Employers must provide employees with a ten-minute paid rest period for four hours of work or substantial portion thereof (defined as any amount of time over two hours). The employee must be relieved of all duty. The 10 minutes does not include time going to or from break areas, and restroom breaks are not counted toward these 10-minute rest periods. No waivers are allowed—and no working through break and “leave early” policies are permitted. Employers must pay one hour of additional wages at the regular rate for each workday during which one-or-more rest periods were not provided. Lab. Code § 226.7; applicable IWC Wage Orders.

Regarding rest breaks, the Brinker court considered what is meant by the phrase “major fraction” as used in the rest break law. Wage Order No. 5 states the “authorized rest period time shall be based on the total hours worked daily at the rate of ten (10) minutes net rest time per four (4) hours or major fraction thereof.” The court held that a “major fraction” of a four-hour work period is anything more than two hours over and above the prior four- hour work period.

Consequently, an employer is obligated to authorize or permit rest breaks as follows: an employee who works a shift of only 3.5 hours or less is not entitled to a rest break; an employee who works 3.5 to 6 hours is entitled to one 10-minute rest break; an employee who works more than 6 and up to 10 hours is entitled to two 10- minute rest breaks, and an employee who works more than 10 hours and up to 14 hours is entitled to three 10-minute rest breaks.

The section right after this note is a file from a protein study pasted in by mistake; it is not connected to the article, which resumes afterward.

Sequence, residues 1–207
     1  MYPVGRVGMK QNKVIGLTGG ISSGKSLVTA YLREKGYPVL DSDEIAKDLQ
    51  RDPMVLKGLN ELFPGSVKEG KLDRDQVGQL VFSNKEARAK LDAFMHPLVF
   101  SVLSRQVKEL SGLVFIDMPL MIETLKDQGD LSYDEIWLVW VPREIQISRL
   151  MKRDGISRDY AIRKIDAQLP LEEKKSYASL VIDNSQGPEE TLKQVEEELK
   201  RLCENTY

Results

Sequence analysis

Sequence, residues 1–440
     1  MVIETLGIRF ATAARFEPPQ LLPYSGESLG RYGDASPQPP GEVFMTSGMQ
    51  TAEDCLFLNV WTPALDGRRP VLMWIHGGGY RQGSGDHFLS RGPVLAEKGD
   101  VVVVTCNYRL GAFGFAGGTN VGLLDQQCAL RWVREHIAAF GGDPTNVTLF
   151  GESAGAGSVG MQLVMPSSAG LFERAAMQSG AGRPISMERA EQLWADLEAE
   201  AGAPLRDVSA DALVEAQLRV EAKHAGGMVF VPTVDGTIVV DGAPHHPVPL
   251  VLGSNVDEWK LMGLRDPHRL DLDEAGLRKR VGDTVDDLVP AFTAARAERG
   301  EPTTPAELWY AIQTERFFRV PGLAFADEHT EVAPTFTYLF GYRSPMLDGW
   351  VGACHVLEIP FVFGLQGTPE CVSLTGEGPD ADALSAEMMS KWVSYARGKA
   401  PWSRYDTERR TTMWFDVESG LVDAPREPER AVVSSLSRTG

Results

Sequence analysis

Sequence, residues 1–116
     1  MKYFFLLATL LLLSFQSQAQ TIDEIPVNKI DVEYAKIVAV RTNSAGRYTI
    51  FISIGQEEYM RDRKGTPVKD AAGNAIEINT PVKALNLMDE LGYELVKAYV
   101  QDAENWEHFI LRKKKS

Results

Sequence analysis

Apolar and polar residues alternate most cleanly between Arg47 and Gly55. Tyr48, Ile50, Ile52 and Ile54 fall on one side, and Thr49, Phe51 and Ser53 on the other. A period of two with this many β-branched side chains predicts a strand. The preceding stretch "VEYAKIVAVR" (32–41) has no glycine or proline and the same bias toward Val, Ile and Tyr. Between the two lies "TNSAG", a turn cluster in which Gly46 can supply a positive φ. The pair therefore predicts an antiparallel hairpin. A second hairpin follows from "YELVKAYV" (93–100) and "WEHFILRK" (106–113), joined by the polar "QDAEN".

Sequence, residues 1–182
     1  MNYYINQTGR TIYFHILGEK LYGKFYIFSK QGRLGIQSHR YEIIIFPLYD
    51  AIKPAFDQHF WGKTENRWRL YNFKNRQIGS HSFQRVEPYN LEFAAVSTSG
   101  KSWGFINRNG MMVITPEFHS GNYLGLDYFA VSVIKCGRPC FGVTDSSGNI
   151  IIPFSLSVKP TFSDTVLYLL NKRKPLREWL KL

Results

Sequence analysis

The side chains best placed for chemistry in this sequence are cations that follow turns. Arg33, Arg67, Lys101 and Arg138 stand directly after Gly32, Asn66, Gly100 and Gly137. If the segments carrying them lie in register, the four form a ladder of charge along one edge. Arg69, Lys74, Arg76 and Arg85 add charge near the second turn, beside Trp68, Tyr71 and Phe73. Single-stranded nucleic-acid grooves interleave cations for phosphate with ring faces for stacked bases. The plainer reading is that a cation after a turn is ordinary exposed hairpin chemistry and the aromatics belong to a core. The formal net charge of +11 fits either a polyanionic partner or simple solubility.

7. Recovery Periods

All employees who work outside must be “allowed and encouraged” to take cool-down periods in the shade for not less than five minutes at a time whenever employees feel the need to do so to protect themselves from overheating. Since August 2005, Cal-OSHA has required that employers must provide access to shade to all employees who work outside and must arrange for access to nearby shade when the temperature exceeds 85 degrees. There is no limitation in the regulations on how often employees can take such cool-down periods and no indication in the regulations as to when an employer could deny additional cool-down periods as excessive.

Effective January 1, 2014, employers will be liable for one hour of premium pay for missed “recovery periods.” A “recovery period” is defined by Cal-OSHA regs as “a cool down period afforded an employee to prevent heat illness.” The new law specifies that an employee cannot be required to work during a recovery, meal or rest period.

8. Lactation Accommodation

A reasonable amount of break time that may run concurrently with mandated paid rest breaks must be provided for lactating mothers. Additional required time may be necessary to accommodate and is unpaid. Employers must make reasonable efforts to provide appropriate, private space for mothers to express milk, other than the bathroom. Lab. Code §§ 1030-1033.